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How the U.S. Open is Generating Power with an Eco-Friendly Twist
June marked the 115th championship on the greens of the Chambers Bay Golf Course in University Place, Wash. with more than 250,000 in attendance and one of the most dramatic and memorable finishes ever.
Physical construction for this large-scale event began more than six weeks before the championship, as workers started building the tents, grandstands and holding areas needed for a sporting event of this magnitude. The 18th green even housed a grandstand that holds 6,000 attendees—the largest to ever be constructed at a U.S. Open.
Chambers Bay is the one of only three publicly-owned golf courses who have had the chance to host the grand event, but it’s making history in other ways too—with conscious sustainability efforts.
The greens are already a part of the Audubon Signature Program, which means the eco-friendly course meets specific standards pertaining to water quality, resource conservation and wildlife protection. But, this year, The Home Depot is working with Chambers Bay and the United States Golf Association (USGA) to take it a step further and ensure materials used during the U.S. Open have the utmost impact following the event.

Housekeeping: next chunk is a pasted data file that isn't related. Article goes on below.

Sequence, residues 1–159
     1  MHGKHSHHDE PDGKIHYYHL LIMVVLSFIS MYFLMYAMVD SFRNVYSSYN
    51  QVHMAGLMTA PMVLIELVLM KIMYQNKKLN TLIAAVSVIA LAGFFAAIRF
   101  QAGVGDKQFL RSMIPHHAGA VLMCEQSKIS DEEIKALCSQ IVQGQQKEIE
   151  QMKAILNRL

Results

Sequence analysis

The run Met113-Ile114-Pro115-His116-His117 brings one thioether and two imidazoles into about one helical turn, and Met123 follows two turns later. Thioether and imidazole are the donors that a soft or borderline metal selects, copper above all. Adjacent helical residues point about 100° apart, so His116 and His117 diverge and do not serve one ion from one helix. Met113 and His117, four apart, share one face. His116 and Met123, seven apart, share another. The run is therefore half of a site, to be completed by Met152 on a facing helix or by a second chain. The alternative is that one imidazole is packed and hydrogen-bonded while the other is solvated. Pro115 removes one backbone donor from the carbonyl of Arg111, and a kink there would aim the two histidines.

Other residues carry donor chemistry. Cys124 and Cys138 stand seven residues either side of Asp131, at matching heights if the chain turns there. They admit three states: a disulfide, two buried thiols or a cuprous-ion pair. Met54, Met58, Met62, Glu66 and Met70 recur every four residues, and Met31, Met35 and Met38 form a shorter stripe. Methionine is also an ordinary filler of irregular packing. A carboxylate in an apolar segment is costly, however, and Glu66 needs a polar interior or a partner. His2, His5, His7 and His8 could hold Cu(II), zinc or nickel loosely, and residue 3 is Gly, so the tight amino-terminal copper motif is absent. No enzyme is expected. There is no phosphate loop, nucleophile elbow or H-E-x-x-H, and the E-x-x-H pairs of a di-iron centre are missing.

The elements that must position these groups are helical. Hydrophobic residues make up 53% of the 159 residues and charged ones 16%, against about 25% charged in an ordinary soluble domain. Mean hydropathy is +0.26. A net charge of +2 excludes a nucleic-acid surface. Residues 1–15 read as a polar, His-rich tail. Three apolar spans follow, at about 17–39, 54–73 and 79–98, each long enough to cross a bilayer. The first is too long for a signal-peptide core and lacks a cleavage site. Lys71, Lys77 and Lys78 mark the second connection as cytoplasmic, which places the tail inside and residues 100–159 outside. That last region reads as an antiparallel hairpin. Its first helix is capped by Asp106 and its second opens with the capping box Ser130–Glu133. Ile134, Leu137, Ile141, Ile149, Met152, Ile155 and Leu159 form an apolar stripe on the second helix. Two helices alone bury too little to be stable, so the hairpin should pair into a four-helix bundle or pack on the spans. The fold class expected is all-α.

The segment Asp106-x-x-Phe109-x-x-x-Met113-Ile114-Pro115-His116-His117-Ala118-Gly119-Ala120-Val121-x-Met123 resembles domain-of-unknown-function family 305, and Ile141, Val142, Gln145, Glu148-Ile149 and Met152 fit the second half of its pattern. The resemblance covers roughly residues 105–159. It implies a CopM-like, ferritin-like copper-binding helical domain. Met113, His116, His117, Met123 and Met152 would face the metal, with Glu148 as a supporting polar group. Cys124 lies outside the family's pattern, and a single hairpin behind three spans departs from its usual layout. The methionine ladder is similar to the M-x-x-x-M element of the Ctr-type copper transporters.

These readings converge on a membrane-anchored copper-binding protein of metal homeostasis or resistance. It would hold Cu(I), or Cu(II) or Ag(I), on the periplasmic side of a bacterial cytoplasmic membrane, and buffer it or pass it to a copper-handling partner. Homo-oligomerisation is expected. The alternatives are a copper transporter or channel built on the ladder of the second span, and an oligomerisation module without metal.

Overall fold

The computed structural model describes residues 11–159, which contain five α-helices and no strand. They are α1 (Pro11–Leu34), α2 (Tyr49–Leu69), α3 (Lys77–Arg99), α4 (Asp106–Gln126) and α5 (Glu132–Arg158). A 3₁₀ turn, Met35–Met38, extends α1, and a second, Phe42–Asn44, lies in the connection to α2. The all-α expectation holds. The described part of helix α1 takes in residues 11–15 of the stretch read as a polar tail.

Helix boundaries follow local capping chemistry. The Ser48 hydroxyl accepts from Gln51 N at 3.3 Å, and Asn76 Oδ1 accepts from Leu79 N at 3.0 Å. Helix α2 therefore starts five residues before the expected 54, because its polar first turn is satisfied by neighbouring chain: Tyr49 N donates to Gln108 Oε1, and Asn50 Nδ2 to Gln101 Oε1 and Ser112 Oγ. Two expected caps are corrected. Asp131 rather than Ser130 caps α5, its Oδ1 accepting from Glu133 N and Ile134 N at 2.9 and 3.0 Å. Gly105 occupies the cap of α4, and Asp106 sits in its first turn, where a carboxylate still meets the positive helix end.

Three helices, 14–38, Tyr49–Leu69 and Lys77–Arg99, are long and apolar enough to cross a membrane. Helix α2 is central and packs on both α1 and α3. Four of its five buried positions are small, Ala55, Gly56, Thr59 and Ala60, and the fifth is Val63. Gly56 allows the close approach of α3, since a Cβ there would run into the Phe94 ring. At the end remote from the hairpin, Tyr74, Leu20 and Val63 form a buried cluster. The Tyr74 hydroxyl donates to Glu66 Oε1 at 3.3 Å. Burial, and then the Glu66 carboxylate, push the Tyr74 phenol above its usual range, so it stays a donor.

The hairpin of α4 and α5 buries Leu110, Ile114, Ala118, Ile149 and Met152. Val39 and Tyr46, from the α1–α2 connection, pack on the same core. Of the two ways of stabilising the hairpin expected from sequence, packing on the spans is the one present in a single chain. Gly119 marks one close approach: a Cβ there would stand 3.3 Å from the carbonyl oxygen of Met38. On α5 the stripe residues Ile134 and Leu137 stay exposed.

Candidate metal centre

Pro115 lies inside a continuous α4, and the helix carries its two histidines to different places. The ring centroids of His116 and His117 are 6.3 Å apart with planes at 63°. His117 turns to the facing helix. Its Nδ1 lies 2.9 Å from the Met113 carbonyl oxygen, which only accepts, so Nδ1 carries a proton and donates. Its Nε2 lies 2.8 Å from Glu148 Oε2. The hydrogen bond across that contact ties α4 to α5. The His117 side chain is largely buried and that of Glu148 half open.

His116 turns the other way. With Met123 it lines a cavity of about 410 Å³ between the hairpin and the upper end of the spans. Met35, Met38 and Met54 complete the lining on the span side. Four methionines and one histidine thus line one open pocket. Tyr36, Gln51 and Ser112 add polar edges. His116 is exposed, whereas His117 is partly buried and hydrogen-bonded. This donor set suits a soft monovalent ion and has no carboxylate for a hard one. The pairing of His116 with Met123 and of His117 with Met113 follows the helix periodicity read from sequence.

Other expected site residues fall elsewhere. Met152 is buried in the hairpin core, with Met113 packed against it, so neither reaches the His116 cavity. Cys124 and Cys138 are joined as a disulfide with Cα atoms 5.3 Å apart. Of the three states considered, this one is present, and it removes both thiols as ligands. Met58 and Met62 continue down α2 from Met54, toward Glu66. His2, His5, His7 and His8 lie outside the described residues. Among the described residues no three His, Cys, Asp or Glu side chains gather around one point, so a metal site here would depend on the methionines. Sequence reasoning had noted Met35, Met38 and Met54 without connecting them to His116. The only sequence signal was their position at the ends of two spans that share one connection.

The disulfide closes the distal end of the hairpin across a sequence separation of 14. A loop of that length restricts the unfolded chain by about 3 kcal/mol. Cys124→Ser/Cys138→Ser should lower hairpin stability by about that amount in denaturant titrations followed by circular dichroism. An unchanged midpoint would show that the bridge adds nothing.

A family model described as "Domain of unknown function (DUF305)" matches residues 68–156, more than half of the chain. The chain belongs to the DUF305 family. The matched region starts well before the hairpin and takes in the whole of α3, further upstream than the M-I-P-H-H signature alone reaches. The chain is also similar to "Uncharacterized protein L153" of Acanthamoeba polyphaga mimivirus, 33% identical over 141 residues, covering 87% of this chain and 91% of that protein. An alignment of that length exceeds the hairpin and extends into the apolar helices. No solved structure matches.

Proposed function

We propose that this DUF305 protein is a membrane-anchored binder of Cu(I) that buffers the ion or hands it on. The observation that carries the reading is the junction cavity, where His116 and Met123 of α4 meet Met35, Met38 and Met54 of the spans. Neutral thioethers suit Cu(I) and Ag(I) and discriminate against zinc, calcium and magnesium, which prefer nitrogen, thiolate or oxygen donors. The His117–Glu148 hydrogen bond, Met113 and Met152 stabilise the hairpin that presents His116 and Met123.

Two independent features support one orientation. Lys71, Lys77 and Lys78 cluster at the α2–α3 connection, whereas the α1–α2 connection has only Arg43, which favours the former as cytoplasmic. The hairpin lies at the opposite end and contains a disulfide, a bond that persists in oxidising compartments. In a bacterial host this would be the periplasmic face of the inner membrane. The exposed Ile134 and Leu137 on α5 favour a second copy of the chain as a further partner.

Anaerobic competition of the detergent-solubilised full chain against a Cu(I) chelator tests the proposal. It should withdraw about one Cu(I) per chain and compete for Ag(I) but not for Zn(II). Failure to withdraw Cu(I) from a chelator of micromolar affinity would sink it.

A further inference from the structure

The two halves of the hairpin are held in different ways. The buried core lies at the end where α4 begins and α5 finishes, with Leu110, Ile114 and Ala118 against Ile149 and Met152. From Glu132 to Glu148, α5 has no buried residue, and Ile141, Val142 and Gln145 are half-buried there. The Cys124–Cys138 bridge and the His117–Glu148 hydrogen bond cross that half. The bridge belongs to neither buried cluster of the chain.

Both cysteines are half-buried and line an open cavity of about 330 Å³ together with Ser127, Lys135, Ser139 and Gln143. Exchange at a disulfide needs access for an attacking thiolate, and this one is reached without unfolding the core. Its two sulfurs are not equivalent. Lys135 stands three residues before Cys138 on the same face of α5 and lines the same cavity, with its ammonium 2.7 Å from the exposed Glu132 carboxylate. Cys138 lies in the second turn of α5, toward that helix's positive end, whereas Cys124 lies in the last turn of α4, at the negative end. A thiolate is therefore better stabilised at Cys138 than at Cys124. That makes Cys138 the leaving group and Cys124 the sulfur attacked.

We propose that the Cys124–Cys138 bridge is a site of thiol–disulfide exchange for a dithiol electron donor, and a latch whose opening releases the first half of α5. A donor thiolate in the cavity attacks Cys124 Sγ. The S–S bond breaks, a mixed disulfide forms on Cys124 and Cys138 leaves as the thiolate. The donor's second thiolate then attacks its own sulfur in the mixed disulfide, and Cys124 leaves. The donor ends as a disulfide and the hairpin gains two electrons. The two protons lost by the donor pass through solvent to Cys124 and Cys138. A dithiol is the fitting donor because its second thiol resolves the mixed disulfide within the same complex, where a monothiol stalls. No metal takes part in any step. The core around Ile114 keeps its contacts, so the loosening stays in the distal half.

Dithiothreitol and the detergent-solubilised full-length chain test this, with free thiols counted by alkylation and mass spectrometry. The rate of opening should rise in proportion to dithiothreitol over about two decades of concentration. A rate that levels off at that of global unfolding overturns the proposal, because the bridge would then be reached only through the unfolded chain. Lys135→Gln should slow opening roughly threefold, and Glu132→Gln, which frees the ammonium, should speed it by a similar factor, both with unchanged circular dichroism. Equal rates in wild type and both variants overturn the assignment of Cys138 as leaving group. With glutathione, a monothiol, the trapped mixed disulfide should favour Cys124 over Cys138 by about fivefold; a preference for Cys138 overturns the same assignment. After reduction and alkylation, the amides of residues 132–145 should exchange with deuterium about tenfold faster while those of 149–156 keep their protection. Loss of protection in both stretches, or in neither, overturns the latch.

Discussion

To take sustainability efforts to next level, the team is introducing a new method to recycle event materials in a manner that’s more sustainable for the environment. “A typical event like this would have about 40-50 large dumpster containers filled with lumber once everything has been taken down,” says Dave Palanuk, Home Depot Regional Pro Sales Manager for the Pacific Northwest. “This year, we’re working with a company to break all the lumber into wood chips, bringing the number of containers down to roughly 10.” It’s estimated the process will yield approximately 220 tons of wood chips.
Creating a smaller footprint isn’t all that’s happening.
The wood chips will also be burned to generate electricity. According to the George Forestry Commission, 220 tons of wood chips can be recycled to yield over 145,000 kWhrs of electricity—that’s enough to power more than 12 homes for a year. This new plan allows the lumber to be recycled rather than end up wasted in a landfill.
As USGA and Home Depot look to the future of tournament building and sustainability, this year’s event was a big first step in making the U.S. Open better than ever—on and off the green.